ART / athens / documenta 14 / exhibitions / Uncategorized

The documenta diaries (part 7): Benaki Pireos Museum

Ok, I admit it… I’m all ‘documented out’. Total documenta overload in fact. So, I’ll keep this short (to the delight of most people I’m sure), and focus merely on a few of the 18 artists at the Benaki Pireos venue of documenta 14, where the first person you will come across is Eva Braun – Hitler’s mistress, and later his wife of 40 hours. They started seeing each other in 1932, and married at midnight (April 28-29, 1945). Forty hours later, they both committed suicide.


Israeli artist Roee Rosen’s black-and-white installation ‘Live and Die as Eva Braun’ at the Benaki Pireos, puts us in Eva Braun’s brain, allowing us to live her life in the Fuhrerbunker in 1945, by relating her tale via a series of texts and images, and a dose of macabre humour at times. Hila Peleg in the documenta catalogue describes this work as: “Stringent on the textual level of the script, and delirious and hallucinatory on the painterly one, the work as a whole constitutes an elaborate, provocative meta-commentary on the politics of remembrance and identity formation, specifically the use and abuse of the Holocaust in present-day Israel.”


Nilima Sheikh’s enormous (305×183 cm) scrolls that hang from the ceiling take us to a world of oriental colour and design, tainted however by the struggles of the people of the Kashmir Valley. The work, entitled ‘Each night put Kashmir in you Dreams’, took 11 years to make (2003-2014), because of the intricate and time-consuming traditional techniques that the artist has incorporated into her practice.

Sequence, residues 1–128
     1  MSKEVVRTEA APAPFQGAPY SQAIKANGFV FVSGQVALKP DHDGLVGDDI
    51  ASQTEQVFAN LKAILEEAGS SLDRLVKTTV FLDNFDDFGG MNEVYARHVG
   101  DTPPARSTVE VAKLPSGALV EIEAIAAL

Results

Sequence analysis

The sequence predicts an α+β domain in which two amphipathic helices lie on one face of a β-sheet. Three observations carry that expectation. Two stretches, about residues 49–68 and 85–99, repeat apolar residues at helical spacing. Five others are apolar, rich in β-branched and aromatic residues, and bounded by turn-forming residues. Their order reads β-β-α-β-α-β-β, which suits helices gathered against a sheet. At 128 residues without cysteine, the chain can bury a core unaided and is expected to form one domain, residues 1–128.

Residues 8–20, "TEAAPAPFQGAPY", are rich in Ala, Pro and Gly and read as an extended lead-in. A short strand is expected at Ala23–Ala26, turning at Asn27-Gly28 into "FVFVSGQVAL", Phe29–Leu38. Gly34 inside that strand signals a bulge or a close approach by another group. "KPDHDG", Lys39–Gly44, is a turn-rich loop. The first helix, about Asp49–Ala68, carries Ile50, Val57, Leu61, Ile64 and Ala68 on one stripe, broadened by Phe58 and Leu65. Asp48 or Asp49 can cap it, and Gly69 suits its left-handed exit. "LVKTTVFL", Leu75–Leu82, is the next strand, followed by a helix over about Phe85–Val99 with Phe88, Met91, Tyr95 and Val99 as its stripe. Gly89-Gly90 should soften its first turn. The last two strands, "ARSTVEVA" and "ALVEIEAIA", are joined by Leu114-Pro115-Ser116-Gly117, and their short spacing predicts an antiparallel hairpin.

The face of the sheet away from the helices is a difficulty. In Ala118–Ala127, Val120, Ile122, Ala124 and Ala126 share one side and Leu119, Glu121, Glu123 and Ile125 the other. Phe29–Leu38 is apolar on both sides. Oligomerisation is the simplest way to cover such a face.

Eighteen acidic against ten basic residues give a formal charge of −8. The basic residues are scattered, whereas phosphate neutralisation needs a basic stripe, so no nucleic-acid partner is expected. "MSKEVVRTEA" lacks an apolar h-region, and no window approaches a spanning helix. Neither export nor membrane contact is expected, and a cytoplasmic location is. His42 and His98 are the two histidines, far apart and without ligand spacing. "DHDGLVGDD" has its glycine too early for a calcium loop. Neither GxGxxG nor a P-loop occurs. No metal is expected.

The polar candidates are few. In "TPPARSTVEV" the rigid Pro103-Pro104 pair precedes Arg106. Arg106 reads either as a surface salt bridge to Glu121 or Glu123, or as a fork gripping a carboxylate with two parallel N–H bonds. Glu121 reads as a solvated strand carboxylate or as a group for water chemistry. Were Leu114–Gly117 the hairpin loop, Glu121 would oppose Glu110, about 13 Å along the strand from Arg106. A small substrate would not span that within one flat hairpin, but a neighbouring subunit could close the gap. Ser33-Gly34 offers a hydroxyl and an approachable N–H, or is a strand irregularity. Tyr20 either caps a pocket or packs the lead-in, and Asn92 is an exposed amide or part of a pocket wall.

Now let’s travel to Africa, to the ‘101 Works’ (1973-4) of Tshibumba Kanda Matulu (or TKM), which document Congolese history. TKM is known for his development of African genre painting, and this series of works (from Amsterdam’s National Museum van Wereldculturen), was originally commissioned by the German anthropologist Johannes Fabian. TKM effectively marries Western and Congolese artistic styles to create something altogether his own .


You will also find some Haitian spirits staring at you out of the paintings of artist, vodou priest and farmer Andre Pierre. This self-taught artist (1916-2005), would combine prayer and song while painting, thus turning his painting practice into a kind of religious ceremony or ritual. Pierre’s works depict lwa Haitian spirits of the Vodou pantheon hidden in the woods or in ceremonial scenes, peaking out of trees even. Spooky, but bewitching.

One thing is for sure, there’s a pluralistic and multicultural perspective on gods and spirits in documenta 14 in general.



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